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Alienation in King Lear and The Jew of Malta

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Alienation in King Lear and The Jew of Malta

During one time or another, every individual has experienced
Alienation. Whether it is with family members, in our society, in our
religion, in our educational institution and even in politics: “The
most common form of alienation is the physical and cultural kind
experiencing "foreignness" or "culture shock." This is also the kind
of alienation that is most easily understood; however, when one feels
alienated in one's own home, society, religion, or culture, it is more
difficult to rationalize or understand that feeling of not belonging.”
Alienation has been defined as when someone does not feel that he or
she belongs to certain group or job…. One of the great thinkers whose
theory about the “Alienation effect” which has had a great impact on
the works of literature is Brecht.

Brecht’s theory originated from the Russian and Chinese theaters where
he obtained “some of his basic concepts of staging and theatrical
stylization.” He had a concept of the “Verfremdungseffekt, or V-Effekt
(sometimes translated as 'alienation effect') centered on the idea of
'making strange' and thereby making poetic.” He meant to remove
feelings out of the production and to make the spectators detach
themselves from the “make believe characters and make the actors to
dissociate from their roles. Then the political truth would be easier
to comprehend. Once he said: "Nothing is more important than learning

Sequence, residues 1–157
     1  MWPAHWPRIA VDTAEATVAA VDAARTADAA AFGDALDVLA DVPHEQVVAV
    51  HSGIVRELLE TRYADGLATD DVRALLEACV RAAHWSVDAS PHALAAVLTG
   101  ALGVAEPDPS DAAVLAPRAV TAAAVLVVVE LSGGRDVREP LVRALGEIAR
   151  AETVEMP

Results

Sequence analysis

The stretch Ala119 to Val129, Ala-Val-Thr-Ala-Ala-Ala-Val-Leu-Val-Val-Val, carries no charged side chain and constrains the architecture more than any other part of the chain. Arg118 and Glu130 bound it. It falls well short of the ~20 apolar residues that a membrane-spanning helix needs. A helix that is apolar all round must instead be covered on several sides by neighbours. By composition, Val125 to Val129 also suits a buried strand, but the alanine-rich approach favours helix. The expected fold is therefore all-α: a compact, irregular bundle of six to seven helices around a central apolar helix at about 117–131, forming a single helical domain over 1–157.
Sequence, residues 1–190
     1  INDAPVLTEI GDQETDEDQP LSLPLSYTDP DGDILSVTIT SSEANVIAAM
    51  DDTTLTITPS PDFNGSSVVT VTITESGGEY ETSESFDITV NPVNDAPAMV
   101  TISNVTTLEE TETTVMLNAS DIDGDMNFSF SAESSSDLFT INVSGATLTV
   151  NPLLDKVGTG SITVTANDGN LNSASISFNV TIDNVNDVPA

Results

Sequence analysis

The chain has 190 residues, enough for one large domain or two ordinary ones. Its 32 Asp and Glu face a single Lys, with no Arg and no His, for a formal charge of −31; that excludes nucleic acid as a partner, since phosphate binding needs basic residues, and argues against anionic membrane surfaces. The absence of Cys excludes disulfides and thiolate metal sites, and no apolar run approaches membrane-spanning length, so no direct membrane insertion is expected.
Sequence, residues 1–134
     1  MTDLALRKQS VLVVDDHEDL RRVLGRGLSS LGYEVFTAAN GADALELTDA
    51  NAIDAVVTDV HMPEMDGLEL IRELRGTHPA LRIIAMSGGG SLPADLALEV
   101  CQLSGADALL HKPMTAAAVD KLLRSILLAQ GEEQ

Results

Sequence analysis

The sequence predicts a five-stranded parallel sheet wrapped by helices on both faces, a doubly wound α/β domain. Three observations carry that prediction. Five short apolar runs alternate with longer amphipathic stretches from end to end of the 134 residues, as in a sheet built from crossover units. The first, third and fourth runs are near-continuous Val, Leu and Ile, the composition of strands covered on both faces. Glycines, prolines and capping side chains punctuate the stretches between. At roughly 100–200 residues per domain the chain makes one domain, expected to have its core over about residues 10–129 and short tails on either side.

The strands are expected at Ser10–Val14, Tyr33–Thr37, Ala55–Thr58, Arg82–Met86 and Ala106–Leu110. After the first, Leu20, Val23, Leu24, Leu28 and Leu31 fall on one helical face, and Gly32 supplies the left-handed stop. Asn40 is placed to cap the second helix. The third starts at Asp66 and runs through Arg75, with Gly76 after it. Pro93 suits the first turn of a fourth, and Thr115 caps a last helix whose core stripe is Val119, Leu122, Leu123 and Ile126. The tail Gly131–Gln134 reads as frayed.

to think crudely. Crude thinking is the thinking of great men.” His
thoughts has revolutioned the world of theatre where his theme of
alienation has been used by play writers to give more effect to their
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...wn the road of evil and moral alienation instead of redemption.
He does not feel the need to make himself more trustworthy and a
better person and instead of trying to show to the audience that he
can be good and that they treating him as an alien is wrong, he feels
enraged and commits crimes.

BIBLIOGRAPHY:

http\. To Prove a Villain - The Elizebethan Villain as Revenger.htm

http\Marlowe Society Book Reviews Winter 1994.htm

http\Contemporary drama countdown since the 60’s.htm

http\studentpapersScully.htm

http\Ibsen Voyages - with Brian Johnston.htm

http\The Grotesque.htm

http\Beckett and Brecht.htm

Shakespeare, William. King lear. Ed. David Bevington. New York:
Longman, 1997.

Marlowe, Christopher. The Jew of Malta. New York longman, 1997.

Classic guides the Jew of Malta. Ed. Penguin


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